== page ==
Just before the High Holy Days that year, I decided to ask my deceased parents for help. The assignment I received involved visualizing them—I saw their young faces bending over my crib—and recording what I experienced each morning for several weeks. I wasn’t very far into the assignment when I heard my mother’s voice. “Why should I help you? You’ll just forget about me.” I could see her point. Other than lighting a yahrzeit candle each year on the anniversary of her death, I seldom thought of her. I asked what she meant. Every morning after that, her voice came through with the same message: “Go to the cemetery.”
I planned to leave in a day or two to visit with friends in Seattle, to attend services and get some rest, but I couldn’t leave without heeding Esther’s voice. What I found at the cemetery shook me. Next to the graves of my father, grandparents, and other relatives, each marked by a simple bronze plaque set into the earth, was my mother’s grave, which bore nothing but a small plastic label, already faded. My brother, who had inherited the entirety of her meager possessions, had failed to purchase a marker. With my aunt’s help, we bought a plaque. I never heard from Esther again.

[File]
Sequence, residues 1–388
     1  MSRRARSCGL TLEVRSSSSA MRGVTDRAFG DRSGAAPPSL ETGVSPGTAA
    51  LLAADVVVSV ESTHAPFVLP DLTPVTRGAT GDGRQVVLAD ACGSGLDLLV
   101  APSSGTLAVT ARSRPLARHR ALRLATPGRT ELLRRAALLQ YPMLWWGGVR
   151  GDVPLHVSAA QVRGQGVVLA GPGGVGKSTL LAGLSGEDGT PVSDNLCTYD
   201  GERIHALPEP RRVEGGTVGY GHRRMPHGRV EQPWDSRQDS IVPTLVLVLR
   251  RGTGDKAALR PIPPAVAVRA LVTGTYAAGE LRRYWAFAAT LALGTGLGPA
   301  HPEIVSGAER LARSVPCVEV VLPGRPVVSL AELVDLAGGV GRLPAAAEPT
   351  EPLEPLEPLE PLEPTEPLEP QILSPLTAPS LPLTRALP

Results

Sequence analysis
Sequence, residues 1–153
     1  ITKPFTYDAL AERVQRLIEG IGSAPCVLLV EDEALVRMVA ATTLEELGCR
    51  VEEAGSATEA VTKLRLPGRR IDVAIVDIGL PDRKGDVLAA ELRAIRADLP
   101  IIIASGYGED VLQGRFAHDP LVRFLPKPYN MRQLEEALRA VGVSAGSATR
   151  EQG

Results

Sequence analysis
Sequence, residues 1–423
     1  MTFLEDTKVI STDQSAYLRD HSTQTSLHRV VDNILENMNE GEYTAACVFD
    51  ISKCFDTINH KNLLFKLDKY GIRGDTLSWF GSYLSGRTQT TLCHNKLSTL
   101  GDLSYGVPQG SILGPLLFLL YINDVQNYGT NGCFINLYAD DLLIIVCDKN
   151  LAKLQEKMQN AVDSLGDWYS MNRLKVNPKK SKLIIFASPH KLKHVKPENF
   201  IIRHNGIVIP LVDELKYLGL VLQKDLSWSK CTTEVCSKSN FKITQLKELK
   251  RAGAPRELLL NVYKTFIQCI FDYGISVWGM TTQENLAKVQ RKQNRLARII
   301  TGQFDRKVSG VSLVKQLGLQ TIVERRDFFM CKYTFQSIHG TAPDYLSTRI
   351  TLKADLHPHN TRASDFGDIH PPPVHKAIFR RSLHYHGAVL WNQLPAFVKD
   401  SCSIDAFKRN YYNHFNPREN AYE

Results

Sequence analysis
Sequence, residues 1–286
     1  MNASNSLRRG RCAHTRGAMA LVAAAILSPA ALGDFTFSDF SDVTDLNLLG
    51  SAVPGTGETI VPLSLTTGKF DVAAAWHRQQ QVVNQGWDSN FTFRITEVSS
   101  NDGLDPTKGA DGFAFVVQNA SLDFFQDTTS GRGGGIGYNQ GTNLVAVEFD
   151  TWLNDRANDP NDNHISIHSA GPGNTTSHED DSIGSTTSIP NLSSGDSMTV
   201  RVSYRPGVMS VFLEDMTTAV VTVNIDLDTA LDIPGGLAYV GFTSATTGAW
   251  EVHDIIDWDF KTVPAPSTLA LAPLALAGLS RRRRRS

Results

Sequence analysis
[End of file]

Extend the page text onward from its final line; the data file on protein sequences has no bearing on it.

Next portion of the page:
When I unpacked in my friend’s guest room in Seattle, I was surprised to find a copy of Another Country awaiting me on the bedside table. I opened it on a key moment. Staring down from a bridge at frigid waters, Rufus curses God, asking this question: “Ain’t I your baby, too?”
When I first read the book, my young life was different from Rufus Scott’s in almost every way, but his words wound themselves around my misery like a second skin. Forty years later, reading them again, I felt the same.
From James Baldwin, writing about worlds so different from my own, I understood that art can be a bridge to empathy and understanding, spanning even the coldest waters. In his work, the distance between personal and political disappears. He taught me that the little stories of our own lives always open into the big story crying to be told. No one is really fearless, but Baldwin seems so, making plain the fierce love and desire that can overcome—that are all that can overcome—the wounds that goad us to retreat from vulnerability, from truth, from life.
“But Beautiful,” sung by Billie Holiday.
Order my new book here: In The Camp of Angels of Freedom: What Does It Mean to Be Educated?